But baby bounces up and down in the carrier, straightening and bending their legs? How do I keep them in this position? The answer to this question does depend a little on the age and stage of baby – and is part of the whole carrying will look different as baby grows and matures. Often babies will go through phases of this bouncing in a carrier when they are older … 6 months plus. It is fab!! Maybe not for you – who might find this is an extra work out for your core and your carrying muscles (-my children went through big phases of this around 18 months to 2 years… particuarly throwing their weight side to side while bouncing and I’d have to work quite hard not to fall over!!). But for baby is it fab, it means they are getting active time, they are strengthening their muscles and importantly having fun. Don’t feel like you need to stop them or that they need to be sitting squarely on their bum the whole time. As baby gets older the importance of the spread squat position for protecting their hips becomes less and less (as their pelvis matures toward walking). It is fine for them to crane upwards and outwards for a better view and have their weight on their inner thighs instead for short bursts. It’s all part of strengthening and development for them. Then if they start to get drowsy and fall asleep then do a quick pelvic tilt to ensure they are sat comfortably while they sleep.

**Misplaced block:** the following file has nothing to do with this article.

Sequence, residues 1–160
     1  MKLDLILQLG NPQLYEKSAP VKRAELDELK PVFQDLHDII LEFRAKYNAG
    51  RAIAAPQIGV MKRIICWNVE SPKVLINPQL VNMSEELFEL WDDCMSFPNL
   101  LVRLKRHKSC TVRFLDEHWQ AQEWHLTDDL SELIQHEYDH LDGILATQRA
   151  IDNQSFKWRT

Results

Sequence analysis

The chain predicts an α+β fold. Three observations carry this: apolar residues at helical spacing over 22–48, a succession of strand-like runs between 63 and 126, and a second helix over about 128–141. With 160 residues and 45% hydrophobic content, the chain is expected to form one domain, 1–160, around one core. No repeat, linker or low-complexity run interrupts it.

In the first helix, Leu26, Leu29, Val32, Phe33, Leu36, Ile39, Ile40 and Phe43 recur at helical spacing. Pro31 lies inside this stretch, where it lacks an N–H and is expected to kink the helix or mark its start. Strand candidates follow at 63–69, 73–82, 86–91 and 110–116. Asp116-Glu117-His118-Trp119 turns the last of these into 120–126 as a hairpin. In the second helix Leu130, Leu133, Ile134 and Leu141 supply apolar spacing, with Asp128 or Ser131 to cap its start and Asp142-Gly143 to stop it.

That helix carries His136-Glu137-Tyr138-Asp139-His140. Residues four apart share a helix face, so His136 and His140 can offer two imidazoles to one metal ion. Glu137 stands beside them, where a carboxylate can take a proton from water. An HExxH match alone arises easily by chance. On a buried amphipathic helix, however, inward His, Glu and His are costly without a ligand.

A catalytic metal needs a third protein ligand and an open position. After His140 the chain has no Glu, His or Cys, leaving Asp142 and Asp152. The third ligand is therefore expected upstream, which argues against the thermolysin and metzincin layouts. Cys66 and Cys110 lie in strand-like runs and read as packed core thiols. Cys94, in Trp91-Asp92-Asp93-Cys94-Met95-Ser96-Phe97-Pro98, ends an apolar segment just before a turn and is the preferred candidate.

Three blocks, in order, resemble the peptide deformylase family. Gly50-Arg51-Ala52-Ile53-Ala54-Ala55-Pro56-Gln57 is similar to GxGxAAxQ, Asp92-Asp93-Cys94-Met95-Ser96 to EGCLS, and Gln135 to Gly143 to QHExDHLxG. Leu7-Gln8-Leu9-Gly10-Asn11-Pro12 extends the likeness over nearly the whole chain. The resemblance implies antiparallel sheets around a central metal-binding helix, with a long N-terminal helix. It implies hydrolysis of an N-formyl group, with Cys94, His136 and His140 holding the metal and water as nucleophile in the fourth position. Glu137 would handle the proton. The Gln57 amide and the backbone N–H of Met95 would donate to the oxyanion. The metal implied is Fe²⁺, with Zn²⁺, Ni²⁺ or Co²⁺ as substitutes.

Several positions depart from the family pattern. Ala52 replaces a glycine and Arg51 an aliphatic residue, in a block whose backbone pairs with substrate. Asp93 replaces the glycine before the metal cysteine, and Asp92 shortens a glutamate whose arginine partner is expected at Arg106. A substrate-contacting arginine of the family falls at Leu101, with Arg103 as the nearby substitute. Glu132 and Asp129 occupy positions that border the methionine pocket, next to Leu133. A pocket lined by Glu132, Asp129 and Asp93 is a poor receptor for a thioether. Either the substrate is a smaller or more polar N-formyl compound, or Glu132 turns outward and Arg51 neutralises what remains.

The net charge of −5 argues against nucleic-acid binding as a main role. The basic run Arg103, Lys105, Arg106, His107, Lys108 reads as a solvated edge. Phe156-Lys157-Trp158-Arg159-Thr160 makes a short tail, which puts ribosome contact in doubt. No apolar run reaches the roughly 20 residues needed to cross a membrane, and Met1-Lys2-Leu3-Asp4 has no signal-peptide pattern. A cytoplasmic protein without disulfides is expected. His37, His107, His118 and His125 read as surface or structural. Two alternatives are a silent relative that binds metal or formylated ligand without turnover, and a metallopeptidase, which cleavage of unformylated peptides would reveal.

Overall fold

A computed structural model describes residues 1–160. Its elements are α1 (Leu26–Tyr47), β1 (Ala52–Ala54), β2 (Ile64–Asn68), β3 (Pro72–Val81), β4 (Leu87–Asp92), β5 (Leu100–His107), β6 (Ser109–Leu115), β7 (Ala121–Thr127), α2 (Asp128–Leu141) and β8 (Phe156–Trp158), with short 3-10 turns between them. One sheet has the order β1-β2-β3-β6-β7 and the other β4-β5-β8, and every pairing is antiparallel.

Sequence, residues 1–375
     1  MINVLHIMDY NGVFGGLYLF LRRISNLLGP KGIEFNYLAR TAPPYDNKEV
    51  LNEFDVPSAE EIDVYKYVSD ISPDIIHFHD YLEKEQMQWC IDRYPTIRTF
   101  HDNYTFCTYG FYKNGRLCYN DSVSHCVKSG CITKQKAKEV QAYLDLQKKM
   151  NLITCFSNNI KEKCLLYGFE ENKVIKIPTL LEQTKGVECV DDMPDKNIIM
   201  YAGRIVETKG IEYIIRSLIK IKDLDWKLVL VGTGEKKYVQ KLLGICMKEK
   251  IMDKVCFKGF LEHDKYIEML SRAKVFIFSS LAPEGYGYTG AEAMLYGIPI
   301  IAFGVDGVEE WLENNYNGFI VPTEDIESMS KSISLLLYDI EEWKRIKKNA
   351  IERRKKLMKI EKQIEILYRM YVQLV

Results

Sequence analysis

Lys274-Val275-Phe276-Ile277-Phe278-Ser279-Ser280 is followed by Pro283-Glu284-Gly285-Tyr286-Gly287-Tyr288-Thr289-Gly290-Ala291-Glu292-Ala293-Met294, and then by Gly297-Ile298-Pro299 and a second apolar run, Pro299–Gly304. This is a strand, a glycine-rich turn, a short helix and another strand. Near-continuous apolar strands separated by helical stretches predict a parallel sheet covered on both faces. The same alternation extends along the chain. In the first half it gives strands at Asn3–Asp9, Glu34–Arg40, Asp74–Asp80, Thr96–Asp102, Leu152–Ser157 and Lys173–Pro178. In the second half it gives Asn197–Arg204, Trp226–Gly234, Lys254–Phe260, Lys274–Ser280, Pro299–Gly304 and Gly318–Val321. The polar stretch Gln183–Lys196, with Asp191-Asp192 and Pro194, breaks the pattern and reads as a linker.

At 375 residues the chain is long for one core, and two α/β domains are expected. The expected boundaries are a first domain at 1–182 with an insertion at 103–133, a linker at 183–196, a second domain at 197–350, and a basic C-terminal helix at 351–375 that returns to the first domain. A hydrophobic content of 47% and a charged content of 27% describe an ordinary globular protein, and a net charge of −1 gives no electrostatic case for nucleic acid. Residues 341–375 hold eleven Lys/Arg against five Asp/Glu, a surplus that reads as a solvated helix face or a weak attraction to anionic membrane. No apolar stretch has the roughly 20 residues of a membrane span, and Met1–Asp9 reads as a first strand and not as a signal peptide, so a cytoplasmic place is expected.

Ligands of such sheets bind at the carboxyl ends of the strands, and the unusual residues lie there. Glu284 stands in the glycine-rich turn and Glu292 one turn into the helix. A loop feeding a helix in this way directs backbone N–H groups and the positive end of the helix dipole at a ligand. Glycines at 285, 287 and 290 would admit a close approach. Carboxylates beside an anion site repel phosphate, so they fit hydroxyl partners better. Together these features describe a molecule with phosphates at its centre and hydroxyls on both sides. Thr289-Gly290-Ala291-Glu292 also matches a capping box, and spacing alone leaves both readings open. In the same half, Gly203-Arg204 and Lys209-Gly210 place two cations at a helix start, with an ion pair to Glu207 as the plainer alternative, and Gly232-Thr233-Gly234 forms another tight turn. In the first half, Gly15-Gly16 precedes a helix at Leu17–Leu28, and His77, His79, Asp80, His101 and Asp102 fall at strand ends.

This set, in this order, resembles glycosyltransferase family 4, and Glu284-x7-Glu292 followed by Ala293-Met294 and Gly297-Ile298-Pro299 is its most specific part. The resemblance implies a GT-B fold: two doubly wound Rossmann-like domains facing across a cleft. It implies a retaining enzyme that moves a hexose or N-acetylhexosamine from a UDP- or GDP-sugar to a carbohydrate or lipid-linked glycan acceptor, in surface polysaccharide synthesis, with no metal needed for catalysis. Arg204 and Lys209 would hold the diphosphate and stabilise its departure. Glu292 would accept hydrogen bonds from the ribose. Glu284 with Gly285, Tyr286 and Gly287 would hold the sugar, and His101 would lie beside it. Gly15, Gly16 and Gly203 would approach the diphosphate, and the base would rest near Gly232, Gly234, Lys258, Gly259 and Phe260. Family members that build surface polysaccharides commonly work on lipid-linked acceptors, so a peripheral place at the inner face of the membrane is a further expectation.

If you are at all unsure about how baby is sitting in your carrier or if your carrier still fits them well or any other related question please do get in touch. A online consult can be a perfect way to troubleshoot and check your carrier and go through all your babywearing questions.

-Madeleine

Carrier shown is the Beco Gemini, which is one of our most popular carriers and can be bought here and full review found here.

Kangaroo Front Carry with a woven wrap tutorial

The Kangaroo Carry has always been my absolute favourite woven wrap carry. It was the first front carry I really mastered and the one that won me over to the comfort of woven wraps. I loved the comfort across the shoulders and the closeness with baby. I loved how he’d always sleep on me in this position and how comforting it was for him when he was teething or unwell. I loved that I didn’t have to put him down if he was already in my arms. I loved that I could use a mid-length or a long length wrap with this carry. I loved that a mid-length packed up small in my bag or even could be worn as a scarf while I wasn’t using it.